Tulip, April 2012, Lesley Beeton

As the impact of my Mother’s death lessens, I can now put into perspective the way my body reacted to the grief at losing my Mother to cancer last year. Some have likened the grief process to accelerated ageing, with changes to metabolism, increased muscle stiffness, joint pains, loss of vitality, and a general state of ‘foggy’ head. I have experienced all of this over the last seven months. When you are going through the grieving process, though, it’s just all part of the coping mechanism; not to pay too much attention to the individual effects, and rather concentrate on becoming a whole person again, even though you have lost a loved one, an important part of yourself.

I have written previously about how my grief started before Mom died, because her illness was so extensive, we knew there was no hope. I don’t know if this helped or hindered my recovery. I don’t suppose anyone can tell. It affected my sleep, I suffered weight loss, aches and pains, and felt hollow inside. After Mom died, there was a brief period of well being, mainly relief because Mom was no longer suffering, and that it was all over. I wasn’t thinking about the future, just getting through each day. It wasn’t a conscious decision; again, it’s just part of the process. The mind taking over, in order to protect the body.

The legalities of death and probate hit you at a vulnerable time, and I found that many of the companies who should have specific staff to deal with probate and help families are woefully ill equipped to do so. Banks, building societies and HMRC are the worst. If I had had more energy at the time, I would have created a scene – perhaps I still will. And for me, it was the legal and financial stuff that set me back. It made me angry, and that was unhelpful. It wasn’t anyone’s fault that Mom died. I couldn’t assign any blame, but those companies made it so much worse.

It’s tempting to want to put a time frame, or deadline, on grief. I knew I shouldn’t but psychologically Christmas, Mom and Dad’s wedding anniversary, Dad’s birthday and Mother’s Day all came and went with a slightly numb ‘let’s not cry’ feeling. We planned a wonderful holiday to a tropical paradise. I rested and felt restored, but still came home feeling so tired. So tired in fact that those around me thought I was seriously ill. Two more weeks past, and slowly but surely I was able to exercise for longer, and more efficiently too. But the aches and pains have been slow to recede. Arthritic flare-ups have impeded by recovery, ligaments in my feet have been inflamed too. It’s not been all bad. Not every day is painful. It seems to be when something else causes a small stress in every day life, that my resilience is low, and my body tells me so.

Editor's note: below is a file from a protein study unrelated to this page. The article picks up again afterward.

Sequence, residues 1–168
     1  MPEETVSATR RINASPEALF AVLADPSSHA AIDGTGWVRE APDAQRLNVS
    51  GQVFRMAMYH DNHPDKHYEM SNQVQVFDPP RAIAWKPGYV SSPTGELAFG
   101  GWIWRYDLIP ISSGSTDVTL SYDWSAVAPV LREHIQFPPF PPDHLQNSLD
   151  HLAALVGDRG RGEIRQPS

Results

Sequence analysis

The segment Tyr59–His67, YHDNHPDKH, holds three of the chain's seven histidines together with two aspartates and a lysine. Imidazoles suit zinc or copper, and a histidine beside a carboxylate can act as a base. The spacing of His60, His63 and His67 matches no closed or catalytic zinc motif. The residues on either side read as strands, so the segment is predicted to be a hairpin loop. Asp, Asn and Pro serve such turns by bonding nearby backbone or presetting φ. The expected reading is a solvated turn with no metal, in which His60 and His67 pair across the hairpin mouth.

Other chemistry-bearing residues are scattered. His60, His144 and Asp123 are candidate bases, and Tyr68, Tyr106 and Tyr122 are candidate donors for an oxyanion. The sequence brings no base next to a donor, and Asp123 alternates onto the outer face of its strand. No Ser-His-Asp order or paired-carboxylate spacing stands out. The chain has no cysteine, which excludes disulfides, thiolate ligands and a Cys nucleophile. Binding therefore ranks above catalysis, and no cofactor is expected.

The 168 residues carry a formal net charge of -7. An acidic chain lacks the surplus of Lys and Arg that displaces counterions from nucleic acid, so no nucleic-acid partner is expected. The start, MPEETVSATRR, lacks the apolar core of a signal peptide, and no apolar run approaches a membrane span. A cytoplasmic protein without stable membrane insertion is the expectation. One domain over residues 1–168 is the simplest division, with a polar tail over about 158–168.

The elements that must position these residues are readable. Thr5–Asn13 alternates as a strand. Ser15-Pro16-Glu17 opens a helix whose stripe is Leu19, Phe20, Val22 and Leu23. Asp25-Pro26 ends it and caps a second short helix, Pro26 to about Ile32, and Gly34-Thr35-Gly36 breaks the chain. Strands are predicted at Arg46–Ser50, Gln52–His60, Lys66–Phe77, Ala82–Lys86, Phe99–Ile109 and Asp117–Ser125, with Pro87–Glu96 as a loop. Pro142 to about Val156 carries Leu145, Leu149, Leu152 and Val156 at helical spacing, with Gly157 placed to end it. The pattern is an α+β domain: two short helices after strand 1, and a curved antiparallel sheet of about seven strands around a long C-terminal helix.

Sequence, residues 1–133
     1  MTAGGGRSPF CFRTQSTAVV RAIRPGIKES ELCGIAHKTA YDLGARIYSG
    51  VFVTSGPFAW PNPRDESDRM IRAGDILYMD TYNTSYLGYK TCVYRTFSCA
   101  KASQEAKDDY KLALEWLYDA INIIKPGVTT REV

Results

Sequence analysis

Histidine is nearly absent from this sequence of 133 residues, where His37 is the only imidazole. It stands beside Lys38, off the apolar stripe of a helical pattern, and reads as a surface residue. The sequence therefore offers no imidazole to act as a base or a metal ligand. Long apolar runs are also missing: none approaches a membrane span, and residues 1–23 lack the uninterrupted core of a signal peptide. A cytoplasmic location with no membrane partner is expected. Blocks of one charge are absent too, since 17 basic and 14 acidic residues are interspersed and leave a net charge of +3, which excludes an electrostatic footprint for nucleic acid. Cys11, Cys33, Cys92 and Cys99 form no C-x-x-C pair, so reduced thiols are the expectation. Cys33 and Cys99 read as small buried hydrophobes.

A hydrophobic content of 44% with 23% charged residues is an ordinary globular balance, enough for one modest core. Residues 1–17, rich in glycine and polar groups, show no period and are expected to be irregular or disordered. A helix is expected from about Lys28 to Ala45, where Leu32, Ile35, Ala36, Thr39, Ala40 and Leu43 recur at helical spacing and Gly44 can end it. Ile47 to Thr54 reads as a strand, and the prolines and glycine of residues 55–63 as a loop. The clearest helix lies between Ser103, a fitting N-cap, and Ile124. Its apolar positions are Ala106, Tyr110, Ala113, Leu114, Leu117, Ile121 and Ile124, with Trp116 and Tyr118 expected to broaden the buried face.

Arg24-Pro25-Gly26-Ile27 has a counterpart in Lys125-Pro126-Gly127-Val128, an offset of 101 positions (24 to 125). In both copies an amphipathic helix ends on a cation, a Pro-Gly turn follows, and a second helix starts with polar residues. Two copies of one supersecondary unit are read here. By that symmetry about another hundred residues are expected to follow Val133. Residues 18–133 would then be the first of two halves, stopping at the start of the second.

It’s been quite difficult to find information on this topic. Most of what is out there is written from a complementary therapy point of view. It seems a little recognised topic on the part of the medical people. I have already questioned the GP’s wisdom about just leaving someone to grieve after a significant bereavement. I’m not suggesting that drugs are required, simply that more attention needs to be paid to these physiological, as opposed to psychological, symptoms of grief.

Spring days, warm sunshine, wonderful colours are all contributing to the healing process. Human beings are after all part of the natural world. I am fortunate to be surrounded by nature, renewal and re-birth, living as I do in the countryside. So if like me, you are grieving the loss of a loved one, be kind to yourself. Understand that it’s not all in the mind. Your body will be taking a battering too.

Living with Mom’s cancer





I am a scientist and a blogger. I have a PhD in the genetics of cardiovascular risk. My Mom died of cancer last year. We learnt a lot and met some amazing people. I want to share with others how to live positively with cancer, and make choices in end-of-life care. My top tip: Ask the difficult questions.

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